Prophetic ministry, resurgent

Anglicans kick their political theology up a notch

Kai Nagata

Immigration lawyer Mitchell Goldberg speaks out against Bill C-31 on the steps of Quebec City’s Anglican cathedral. Photo courtesy of Bruce Myers.

In March I wrote an article for The Tyee called “Occupy the Pews,” exploring the idea of prophetic ministry. That’s when members of a church apply Christian teachings to the world around them, which often means confronting uncomfortable contradictions, speaking truth, and challenging power.

Effective prophets, like Jesus of Nazareth, tend to have short careers.

I argued that with its clear values and existing infrastructure, the Anglican Church of Canada should be a powerful organ of progressive social change. Yet this impulse is often stymied by the practicalities of institutional survival. The Church struggles constantly to reconcile its spiritual calling with real-world politics and economics.

Those challenges continue, but as spring arrives across Canada there are signs of stirring. Continue reading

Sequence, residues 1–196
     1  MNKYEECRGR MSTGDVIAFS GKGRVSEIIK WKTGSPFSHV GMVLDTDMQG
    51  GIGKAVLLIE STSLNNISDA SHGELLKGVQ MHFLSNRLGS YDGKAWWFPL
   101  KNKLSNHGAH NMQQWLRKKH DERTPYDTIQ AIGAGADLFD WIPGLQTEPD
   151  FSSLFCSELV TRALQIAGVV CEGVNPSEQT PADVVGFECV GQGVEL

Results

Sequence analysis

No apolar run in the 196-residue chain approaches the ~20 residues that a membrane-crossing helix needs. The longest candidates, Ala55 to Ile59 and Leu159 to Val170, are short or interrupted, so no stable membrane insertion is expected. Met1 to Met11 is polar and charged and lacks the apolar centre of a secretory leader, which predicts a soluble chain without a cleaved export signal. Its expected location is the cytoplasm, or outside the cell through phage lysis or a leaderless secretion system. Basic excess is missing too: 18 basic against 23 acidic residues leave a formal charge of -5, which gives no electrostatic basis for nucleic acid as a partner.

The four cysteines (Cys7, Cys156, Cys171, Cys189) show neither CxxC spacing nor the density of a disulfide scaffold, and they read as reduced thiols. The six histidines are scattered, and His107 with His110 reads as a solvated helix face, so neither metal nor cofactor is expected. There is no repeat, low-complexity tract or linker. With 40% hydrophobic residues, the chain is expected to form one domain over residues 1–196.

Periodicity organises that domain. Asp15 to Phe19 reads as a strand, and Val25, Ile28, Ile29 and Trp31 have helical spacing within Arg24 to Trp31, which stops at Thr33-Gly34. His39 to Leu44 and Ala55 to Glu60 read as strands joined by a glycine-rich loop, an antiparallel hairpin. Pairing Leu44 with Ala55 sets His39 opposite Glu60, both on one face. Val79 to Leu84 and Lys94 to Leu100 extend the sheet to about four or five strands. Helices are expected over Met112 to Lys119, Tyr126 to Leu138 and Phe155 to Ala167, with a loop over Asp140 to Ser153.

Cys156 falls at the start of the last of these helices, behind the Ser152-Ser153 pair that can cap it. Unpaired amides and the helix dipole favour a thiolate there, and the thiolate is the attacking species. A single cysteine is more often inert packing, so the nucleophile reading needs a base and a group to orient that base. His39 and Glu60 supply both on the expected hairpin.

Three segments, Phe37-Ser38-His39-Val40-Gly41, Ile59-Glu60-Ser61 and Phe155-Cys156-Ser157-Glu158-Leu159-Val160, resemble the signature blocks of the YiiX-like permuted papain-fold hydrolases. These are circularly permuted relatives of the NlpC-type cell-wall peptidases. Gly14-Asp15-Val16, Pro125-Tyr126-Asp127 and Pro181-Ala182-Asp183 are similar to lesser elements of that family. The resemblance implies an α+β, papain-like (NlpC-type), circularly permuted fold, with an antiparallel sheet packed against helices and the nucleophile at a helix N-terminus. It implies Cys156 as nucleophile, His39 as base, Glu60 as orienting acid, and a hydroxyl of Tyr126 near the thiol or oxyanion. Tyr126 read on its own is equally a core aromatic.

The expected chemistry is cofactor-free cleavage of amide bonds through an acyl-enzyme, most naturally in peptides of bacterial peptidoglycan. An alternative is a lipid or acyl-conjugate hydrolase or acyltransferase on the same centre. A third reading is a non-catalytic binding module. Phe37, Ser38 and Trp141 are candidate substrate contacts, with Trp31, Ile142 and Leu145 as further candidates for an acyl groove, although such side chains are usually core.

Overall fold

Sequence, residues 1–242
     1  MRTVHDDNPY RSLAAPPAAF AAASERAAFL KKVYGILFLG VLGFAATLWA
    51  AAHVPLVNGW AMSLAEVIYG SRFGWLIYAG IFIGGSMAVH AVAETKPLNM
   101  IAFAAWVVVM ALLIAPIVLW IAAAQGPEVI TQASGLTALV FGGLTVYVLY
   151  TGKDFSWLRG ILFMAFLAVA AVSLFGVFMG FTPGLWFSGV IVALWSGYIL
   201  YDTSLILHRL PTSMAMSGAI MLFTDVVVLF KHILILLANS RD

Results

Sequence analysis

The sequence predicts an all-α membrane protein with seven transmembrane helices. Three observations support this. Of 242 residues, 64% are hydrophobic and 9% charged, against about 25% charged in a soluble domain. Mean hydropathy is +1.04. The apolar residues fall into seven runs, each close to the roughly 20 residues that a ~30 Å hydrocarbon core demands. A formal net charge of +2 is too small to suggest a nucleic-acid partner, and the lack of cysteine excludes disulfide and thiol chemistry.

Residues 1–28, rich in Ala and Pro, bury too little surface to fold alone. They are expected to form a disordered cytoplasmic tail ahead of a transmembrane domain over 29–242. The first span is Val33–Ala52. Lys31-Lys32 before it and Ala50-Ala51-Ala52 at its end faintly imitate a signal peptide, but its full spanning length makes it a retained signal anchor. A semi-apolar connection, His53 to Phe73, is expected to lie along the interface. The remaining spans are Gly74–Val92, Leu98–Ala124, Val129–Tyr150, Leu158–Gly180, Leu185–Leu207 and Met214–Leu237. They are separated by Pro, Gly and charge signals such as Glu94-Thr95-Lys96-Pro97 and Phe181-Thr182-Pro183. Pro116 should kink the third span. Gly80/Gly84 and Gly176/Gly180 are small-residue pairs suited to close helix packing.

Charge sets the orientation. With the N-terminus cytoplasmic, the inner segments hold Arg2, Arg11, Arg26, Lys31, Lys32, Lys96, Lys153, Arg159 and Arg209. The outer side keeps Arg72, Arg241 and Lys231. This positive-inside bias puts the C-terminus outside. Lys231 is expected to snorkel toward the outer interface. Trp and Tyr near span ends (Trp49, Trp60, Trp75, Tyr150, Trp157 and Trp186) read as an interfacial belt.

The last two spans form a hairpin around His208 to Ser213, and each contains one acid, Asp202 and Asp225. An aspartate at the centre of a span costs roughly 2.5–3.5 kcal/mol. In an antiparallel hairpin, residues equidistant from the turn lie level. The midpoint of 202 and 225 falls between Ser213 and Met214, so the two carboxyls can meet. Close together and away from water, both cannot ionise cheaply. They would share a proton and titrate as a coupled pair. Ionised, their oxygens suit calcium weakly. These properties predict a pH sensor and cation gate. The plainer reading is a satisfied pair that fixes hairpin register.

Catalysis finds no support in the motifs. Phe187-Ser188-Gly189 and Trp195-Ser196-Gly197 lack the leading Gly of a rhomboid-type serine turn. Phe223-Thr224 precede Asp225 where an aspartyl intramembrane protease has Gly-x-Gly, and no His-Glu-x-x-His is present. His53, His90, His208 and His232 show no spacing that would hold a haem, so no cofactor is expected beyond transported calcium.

Do Dogs go to Heaven?

A Pet’s Death Opens A Wider View of Salvation

Bruce Myers

My dog died.

He was a seven-year-old, somewhat goofy, charmingly disobedient, painfully cute Bernese mountain dog named Calvin, in recognition of the fact he was an ordination gift from my two best friends in seminary, now both Presbyterian clergymen.

A 10-week-old puppy when we were united, Calvin became almost better known in my first parish than I was, enchanting young and old with equal, slobbery alacrity. When I moved abroad for a year of graduate studies, he moved to the family farm and became as much my mother’s dog as mine. When I returned to Canada and moved to Quebec City, he effortlessly learned to be a canis urbanis. As a single person, Calvin was an especially important part of my life. He was, as the canine stereotype goes, my faithful companion. Continue reading